After five years as a colonial policeman, George Orwell "goes native in his own country" and discovers himself to be a writer: George Packer reads Down and Out in Paris and London in The New Yorker.

On the occasion of the author's 90th birthday, Tom Leonard confirms that J.D. Salinger is still pretty much the most reclusive famous author possible: "The man who stopped talking to the world more than 50 years ago doesn't intend to start now."
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Sunday, April 19, 2009

Professor Mitch Breitwieser wins Campus’s Highest Teaching Honor, the 2009 Distinguished Teaching Award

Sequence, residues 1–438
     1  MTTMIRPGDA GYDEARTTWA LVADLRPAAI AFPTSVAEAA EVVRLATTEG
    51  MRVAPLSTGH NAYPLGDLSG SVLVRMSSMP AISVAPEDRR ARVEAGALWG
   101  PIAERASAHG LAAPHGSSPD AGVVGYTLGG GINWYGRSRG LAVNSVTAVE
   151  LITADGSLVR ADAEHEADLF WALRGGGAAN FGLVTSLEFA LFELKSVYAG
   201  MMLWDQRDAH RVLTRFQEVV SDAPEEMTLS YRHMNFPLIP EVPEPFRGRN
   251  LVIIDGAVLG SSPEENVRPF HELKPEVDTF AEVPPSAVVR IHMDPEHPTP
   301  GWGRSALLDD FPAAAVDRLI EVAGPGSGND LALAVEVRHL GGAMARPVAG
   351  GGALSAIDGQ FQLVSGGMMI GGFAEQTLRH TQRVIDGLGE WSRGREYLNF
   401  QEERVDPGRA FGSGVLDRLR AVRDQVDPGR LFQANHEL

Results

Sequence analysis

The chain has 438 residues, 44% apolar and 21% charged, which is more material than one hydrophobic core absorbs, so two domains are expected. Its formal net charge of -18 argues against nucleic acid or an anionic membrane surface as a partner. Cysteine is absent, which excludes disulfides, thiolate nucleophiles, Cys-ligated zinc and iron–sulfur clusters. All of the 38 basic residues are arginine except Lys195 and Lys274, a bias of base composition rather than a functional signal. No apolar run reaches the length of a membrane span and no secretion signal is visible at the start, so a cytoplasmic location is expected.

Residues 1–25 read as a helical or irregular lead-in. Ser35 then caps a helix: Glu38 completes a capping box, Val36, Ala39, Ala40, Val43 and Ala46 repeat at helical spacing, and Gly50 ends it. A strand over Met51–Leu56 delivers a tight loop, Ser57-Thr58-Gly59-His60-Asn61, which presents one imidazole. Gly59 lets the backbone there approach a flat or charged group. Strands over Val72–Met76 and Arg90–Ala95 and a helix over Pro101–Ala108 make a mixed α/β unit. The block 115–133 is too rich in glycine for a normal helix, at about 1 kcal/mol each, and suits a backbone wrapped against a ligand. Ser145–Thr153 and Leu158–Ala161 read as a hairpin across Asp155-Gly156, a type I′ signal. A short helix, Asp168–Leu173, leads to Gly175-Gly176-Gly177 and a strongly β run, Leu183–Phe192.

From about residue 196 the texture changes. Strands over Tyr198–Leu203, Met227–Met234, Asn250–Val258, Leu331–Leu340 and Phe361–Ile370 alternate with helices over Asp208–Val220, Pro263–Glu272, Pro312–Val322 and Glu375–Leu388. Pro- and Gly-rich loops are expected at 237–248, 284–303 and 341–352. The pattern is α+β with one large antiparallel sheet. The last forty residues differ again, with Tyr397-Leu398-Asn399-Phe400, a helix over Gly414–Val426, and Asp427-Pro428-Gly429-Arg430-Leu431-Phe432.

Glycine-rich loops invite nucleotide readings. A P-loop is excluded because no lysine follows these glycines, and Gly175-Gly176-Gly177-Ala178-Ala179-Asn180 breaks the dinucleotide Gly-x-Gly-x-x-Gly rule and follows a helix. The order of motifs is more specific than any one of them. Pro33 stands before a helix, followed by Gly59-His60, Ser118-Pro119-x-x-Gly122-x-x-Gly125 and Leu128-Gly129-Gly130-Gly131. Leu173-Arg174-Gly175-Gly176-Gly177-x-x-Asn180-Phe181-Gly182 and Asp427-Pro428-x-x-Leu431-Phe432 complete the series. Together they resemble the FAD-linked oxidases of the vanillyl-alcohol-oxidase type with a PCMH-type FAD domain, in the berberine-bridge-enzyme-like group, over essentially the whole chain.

“When teaching, it’s tempting to make it seem as if one’s ideas came effortlessly, and to hide the truth, which is that coming up to a blind wall is a permanent feature of everyone’s intellectual life,” writes the English Department’s latest winner of the campus-wide Distinguished Teaching Award in his teaching philosophy. But,” as Mitch Breitwieser reflects, “such an apparent facility on the teacher’s part can reinforce a student’s feeling that, because he or she is struggling when those around seem not to be, there must be some intrinsic personal deficiency. And feeling that way greatly reduces the chance that the intellectual problem will be solved.” He therefore tells his students, both in class and in office hours, that “academic success depends upon properly understanding that encounter with difficulty”—because failure “most often comes not from a lack of intelligence or preparation, but from a wrong choice concerning how to respond to having come up against that wall.”